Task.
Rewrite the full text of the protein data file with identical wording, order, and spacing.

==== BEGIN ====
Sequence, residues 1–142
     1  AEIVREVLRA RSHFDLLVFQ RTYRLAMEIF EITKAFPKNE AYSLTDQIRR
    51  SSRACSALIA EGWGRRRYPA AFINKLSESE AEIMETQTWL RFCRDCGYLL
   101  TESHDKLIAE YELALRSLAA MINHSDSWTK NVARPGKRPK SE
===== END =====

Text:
Sequence, residues 1–142
     1  AEIVREVLRA RSHFDLLVFQ RTYRLAMEIF EITKAFPKNE AYSLTDQIRR
    51  SSRACSALIA EGWGRRRYPA AFINKLSESE AEIMETQTWL RFCRDCGYLL
   101  TESHDKLIAE YELALRSLAA MINHSDSWTK NVARPGKRPK SE